In February we started our Ocean Zone Installation at school. Our display depicts each of the five ocean layers (sunlight zone, twilight zone, midnight zone, abyssal zone, and hadal zone/trenches). Students began by investigating the ways that certain species are physically and behaviorally adapted to survive in their particular zone (from sun-drenched plankton near the surface to the tube worms found in the darkest trenches below). Students studied the food chain and learned about microscopic plant-like and animal-like plankton. They found that phytoplankton are adapted to remain in the sunlight zone, making their own food thanks to the sun and serving as food for zooplankton. We were surprised to see, in photos of crab larva and reef fish larva, that some zooplankton spend only part of their life cycle as plankton and then turn into the adult crabs and beautiful reef fish that we more readily recognize.
Students researched the exact depths that differentiate each layer (based on how much sunlight passes through) and they spent time at the library collecting photography books of sea life. After reading about the different types of creatures that are found in each zone, the class created some beautiful observational drawings and placed them on our mural in the correct zones.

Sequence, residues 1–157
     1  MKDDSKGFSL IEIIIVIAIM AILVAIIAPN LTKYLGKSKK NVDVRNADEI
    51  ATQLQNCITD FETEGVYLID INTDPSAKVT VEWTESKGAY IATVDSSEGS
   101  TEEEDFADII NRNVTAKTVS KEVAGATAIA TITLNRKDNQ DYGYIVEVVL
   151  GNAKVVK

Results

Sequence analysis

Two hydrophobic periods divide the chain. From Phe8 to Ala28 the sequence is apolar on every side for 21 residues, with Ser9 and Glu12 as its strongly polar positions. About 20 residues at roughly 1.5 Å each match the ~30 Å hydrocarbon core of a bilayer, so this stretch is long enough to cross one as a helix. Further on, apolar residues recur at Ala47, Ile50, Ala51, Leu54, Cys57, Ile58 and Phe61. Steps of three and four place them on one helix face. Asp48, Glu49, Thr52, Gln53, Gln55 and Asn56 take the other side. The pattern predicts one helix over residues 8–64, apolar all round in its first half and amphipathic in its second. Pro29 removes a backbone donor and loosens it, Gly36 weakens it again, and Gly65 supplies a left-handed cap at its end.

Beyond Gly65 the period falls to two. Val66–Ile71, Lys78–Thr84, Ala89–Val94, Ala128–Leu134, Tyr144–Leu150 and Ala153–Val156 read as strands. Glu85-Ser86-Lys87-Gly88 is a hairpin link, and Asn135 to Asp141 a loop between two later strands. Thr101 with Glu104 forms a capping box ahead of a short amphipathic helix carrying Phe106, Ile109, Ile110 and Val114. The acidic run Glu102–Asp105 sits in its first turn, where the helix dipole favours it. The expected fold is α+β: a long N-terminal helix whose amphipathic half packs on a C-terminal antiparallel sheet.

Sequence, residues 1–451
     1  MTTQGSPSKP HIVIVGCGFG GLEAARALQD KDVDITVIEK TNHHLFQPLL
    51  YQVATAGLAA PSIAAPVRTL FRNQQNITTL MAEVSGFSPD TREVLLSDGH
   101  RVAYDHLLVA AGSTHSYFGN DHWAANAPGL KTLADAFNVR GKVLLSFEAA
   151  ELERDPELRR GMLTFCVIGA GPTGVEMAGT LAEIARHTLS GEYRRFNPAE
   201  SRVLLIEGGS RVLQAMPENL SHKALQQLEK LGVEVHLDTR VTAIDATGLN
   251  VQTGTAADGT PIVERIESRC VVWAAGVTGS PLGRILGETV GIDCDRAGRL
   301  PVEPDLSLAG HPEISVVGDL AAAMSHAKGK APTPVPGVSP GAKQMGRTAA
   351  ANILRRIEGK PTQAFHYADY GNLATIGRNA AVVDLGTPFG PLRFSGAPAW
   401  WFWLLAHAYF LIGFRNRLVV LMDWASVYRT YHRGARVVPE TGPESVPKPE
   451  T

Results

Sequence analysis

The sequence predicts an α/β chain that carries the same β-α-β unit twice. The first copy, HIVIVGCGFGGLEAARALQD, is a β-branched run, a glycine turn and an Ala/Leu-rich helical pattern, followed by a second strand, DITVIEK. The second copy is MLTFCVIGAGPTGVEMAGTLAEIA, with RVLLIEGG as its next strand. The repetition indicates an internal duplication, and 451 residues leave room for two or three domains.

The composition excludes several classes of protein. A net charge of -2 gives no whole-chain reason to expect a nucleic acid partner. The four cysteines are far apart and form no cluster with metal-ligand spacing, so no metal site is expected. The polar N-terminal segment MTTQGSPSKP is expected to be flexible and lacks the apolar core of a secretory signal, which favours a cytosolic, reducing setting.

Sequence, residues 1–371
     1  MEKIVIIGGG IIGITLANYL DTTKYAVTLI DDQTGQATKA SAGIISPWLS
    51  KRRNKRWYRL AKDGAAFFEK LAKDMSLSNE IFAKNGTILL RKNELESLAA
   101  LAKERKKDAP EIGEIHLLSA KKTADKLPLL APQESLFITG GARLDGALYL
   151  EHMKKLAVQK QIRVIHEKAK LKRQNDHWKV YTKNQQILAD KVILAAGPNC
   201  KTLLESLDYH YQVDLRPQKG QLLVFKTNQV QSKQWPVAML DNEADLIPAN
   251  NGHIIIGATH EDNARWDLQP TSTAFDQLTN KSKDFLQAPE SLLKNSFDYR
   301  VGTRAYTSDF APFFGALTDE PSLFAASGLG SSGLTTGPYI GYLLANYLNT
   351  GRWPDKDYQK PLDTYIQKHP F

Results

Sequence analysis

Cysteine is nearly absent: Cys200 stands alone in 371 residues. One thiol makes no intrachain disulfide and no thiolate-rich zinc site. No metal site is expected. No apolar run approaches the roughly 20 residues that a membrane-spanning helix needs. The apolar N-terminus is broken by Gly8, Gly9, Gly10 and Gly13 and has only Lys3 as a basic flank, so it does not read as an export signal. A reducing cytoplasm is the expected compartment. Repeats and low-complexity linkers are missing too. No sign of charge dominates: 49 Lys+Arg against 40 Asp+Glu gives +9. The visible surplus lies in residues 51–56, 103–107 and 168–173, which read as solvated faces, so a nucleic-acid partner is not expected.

Our students were especially interested in researching the coldest and darkest zone. Much of our research was focused on this lowest layer of the ocean, the Trenches or Hadal Zone. We spent time discussing the Challenger Deep (a.k.a. Mariana Trench), where some of the most primitive species on earth are found. Down there, instead of a food chain based on energy from the sun, we learned about a food chain based on the process of chemosynthesis. Students wondered how the trenches were made, which led us into a discussion of tectonic plate movements and subduction - a process leading to the formation of the deepest trench. Children were introduced (through video) to the scientists, past and present, who have ventured there and we marveled about the risks these explorers took in traveling to such amazing depths. Students were fascinated by the immense pressure and the types of vessels that are constructed for traveling to the Challenger Deep. While learning about bathymetry, and the tools that scientists use to make measurements of underwater depths, some of the students pointed out that the ocean floor maps looked similar to the topographical maps that they created last year! This astute observation is gratifying as they are making connections and beginning to understand and articulate the physical characteristics of the surface of our planet.